GPs need support to help patients make decisions about care

GPs should be taught how to involve patients who use mental health services in decisions about their care, the DH believes.

Health minister Norman Lamb: people with mental illness will benefit from choice
Health minister Norman Lamb: people with mental illness will benefit from choice

Responding to the patient choice policy consultation Liberating the NHS: No decision about me, without me, the DH said patients who use mental health services would be given more control over their care.

The DH proposed developing training ‘to embed the principles of shared decision-making into the curricula for a wide range of healthcare staff, including nurses, GPs, consultants and NHS managers, as well as for commissioners’.

The RCGP has argued that more patient choice could lead to longer consultation times and that 'articlulate, better educated' patients may benefit most while less literate patients with greater needs lose out.

But the DH response to the consultation argued that changes to the NHS Constitution, to ensure that patients are involved in discussions and decisions about their healthcare, would ensure that all patients benefited from more choice.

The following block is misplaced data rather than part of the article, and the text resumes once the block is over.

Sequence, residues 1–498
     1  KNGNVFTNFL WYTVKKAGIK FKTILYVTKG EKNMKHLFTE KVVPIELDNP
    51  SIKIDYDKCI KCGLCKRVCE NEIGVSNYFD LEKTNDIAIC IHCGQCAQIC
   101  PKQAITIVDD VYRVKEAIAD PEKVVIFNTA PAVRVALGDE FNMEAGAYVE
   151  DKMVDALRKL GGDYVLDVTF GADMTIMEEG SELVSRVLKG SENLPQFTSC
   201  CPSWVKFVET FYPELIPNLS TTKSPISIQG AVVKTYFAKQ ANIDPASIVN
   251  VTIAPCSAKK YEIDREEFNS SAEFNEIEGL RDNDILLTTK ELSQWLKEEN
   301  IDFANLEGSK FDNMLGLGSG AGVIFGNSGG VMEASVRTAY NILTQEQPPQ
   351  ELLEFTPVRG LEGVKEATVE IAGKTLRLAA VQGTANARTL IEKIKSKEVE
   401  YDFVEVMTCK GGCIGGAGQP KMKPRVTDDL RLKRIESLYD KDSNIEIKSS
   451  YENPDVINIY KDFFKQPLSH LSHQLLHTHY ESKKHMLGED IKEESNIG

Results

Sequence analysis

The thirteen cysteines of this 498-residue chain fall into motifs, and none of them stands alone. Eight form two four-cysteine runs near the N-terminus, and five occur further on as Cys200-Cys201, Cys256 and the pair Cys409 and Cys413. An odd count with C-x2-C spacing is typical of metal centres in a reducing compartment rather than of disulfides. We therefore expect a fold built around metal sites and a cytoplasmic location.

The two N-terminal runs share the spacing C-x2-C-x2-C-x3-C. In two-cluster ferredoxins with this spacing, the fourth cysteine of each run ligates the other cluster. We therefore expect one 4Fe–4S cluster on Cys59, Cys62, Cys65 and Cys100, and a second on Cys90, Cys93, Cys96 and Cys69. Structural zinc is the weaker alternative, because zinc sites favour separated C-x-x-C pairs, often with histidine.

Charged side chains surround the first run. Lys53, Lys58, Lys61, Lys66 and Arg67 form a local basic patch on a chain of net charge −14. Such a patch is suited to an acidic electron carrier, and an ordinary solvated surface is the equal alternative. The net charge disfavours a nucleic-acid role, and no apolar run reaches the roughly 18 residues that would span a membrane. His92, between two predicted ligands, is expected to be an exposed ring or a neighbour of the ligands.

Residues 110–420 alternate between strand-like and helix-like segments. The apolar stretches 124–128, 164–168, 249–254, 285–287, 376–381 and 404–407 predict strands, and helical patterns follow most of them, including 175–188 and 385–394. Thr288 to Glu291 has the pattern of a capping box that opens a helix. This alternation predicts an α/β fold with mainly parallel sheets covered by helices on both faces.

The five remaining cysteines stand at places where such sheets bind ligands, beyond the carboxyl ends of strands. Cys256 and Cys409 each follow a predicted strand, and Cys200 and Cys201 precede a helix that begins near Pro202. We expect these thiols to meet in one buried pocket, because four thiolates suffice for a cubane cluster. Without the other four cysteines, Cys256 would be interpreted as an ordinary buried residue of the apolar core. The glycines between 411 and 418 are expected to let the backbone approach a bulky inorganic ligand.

It said commissioners would be expected to ‘recognise the benefits of ensuring appropriate information and communication support being made available for those who need it’, and should ‘consider individual needs’ to cut inequalities between patients.

The response also called on GPs and clinical commissioning groups to ‘consider the role of the voluntary sector, especially when they are in a position to offer better-targeted information’.

Health minister Norman Lamb said: ‘If any group of patients could benefit from being empowered by taking control of their own care, it is people with mental illness.

‘By giving patients more choice in their care, we are making sure they get the right type of high quality mental health care at the right time, which suits them and their needs.’

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